The Inupiat Eskimo of Kaktovik, Alaska

Cultural History

Kaktovik, located just north of the ANWR Coastal Plain on Barter Island, is the only village within the Refuge. Barter Island was an important stop for commercial whalers during the 1890s and early 1900s, but it was not until 1923 that there was a permanent settlement there. In that year, Tom Gordon established a fur trading post for the H.B. Liebes Company of San Francisco. The trading post served as an exchange point for furs and was the beginning of Kaktovik as a permanent settlement. During the years that followed, residents of the region were semi-nomadic, moving from place to place depending on the availability of fish, fur, game, and marine mammals. Today, Kaktovik has approximately 210 residents, most of whom are Inupiat Eskimos whose families have lived in the region for centuries.

Archeological investigations reveal that man has occupied the region for at least 11,000 years. Evidence of man's early presence in the area is sparse, limited to a few archeological sites near the coast. These sites contain artifacts that reflect a hunter-gatherer subsistence economy.

Contact with whalers and traders resulted in replacement of stone and bone implements with knives, axes, and other metal implements. Firearms replaced the bow and arrow and spear. By virtue of their numbers and the fact that many overwintered in the arctic, the whalers had a profound influence on the culture. The whalers brought trade goods, including food, utensils, firearms, and alcohol, which they exchanged for caribou and sheep meat and for winter clothing manufactured from caribou hides.

Stefansson, who explored the region in the early 1900s, noted that although the Inupiat at first had little to do with foods brought in by whalers, they quickly learned to use flour, molasses, and other staples. These foodstuffs first were luxuries and then became necessities.

During the 1890s and early 1900s, Barter Island was a key trading point, and residents of the region came to rely on the ability to obtain trade goods there. With the cessation of whaling for bowheads, in about 1910, the Inupiat experienced the first in a series of boom and bust cycles.

In the 1890s, semi-domesticated reindeer (same species as caribou) were brought to western Alaska from Siberia in order to establish an industry that would provide a more stable economy and would insure against food shortages. In the early 1920s, under the auspices of the Alaska Reindeer Service local superintendent at Barrow, several herds of reindeer were established in the ANWR area. Herders followed their reindeer from the foothills in the winter months to grazing lands near the Beaufort Sea coast during the summer, returning each fall to the foothills. Severe winters during 1936 and 1937 resulted in loss of most of the deer to starvation. Others were killed by people for food and clothing. A Bureau of Indian Affairs survey taken during the spring of 1936 indicated that local residents were destitute and near starvation. In an effort to reestablish the reindeer herds and insure against further food shortages a herd of 3,000 reindeer was driven from Barrow to the Barter Island area in late 1937. As the herd approached Barter Island it turned back toward its home range in Barrow, taking most of the remaining local reindeer with it. The people were so discouraged that they killed the few animals that remained, ending the era of reindeer herding in ANWR.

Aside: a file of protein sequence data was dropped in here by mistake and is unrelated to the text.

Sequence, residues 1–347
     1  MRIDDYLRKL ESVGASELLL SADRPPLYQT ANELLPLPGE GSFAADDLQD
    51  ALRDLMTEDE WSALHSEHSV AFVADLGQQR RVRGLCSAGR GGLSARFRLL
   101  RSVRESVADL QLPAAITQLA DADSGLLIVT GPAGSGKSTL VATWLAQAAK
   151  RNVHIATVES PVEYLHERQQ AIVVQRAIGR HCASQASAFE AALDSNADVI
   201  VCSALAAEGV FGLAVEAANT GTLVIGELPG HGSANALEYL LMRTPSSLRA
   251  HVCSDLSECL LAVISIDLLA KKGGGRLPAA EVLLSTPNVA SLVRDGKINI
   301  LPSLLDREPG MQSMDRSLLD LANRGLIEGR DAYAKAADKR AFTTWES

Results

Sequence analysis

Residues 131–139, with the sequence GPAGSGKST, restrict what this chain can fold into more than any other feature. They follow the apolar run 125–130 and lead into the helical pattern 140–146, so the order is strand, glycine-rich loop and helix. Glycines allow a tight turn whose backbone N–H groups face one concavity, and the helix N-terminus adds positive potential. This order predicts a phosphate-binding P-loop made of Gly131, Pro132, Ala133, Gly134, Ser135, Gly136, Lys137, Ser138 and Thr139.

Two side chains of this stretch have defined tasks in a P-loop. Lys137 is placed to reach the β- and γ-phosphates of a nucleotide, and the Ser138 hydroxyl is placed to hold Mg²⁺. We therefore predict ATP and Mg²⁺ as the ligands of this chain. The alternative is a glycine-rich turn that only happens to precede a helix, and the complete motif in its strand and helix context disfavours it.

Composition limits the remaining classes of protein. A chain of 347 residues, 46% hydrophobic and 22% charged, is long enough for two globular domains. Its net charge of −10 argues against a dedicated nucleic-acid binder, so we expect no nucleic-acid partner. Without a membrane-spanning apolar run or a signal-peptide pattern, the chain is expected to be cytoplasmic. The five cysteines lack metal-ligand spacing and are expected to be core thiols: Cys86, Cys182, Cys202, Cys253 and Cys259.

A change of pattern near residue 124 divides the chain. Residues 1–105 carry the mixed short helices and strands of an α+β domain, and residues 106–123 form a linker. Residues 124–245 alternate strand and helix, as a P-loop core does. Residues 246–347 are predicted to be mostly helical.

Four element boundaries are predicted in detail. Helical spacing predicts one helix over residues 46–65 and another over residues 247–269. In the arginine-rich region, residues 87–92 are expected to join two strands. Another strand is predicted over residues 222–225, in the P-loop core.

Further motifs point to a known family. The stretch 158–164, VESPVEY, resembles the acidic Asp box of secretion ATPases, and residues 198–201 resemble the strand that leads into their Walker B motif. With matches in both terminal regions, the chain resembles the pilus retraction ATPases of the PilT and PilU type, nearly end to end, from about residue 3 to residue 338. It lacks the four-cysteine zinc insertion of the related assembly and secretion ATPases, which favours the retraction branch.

Beginning in the 1920s fur trapping was a good source of cash income, replacing caribou as a trade good. But the price of fox.fur dropped in the late 1930s, and trading posts along the coast closed one by one. The post at Barter Island closed following Gordon's death in 1938. By 1943 all of the trading posts in the region had been closed and people had to go to Canada to trade. Eventually, several families moved to Canada. Hard times continued in the region until 1945 when the U.S. Coast and Geodetic Survey began mapping the Beaufort Sea coastline, bringing some wage employment.

Although World War II had little effect on the region, the installation of the Distant Early Warning (DEW Line) system on the island during the 1940s displaced many local residents. In 1947 the U.S. Air Force constructed a runway and hangar on the historic village site, forcing residents to relocate. In 1951, the entire area around Kaktovik was made a military reserve, and some people were required to move again. The village was moved once more in 1964, but this time, residents received title to their village site. Jobs resulting from government activities in the region and the subsequent establishment of a school caused the Barter Island population to increase from less than 50 people in 1950 to approximately 150 in 1953 when several families returned from Canada.

An expanded discussion of Inupiat economic and social life at Kaktovik and other North Slope villages can be found in the History and Cutlture section of Arctic Circle under The Inupiat of Arctic Alaska.

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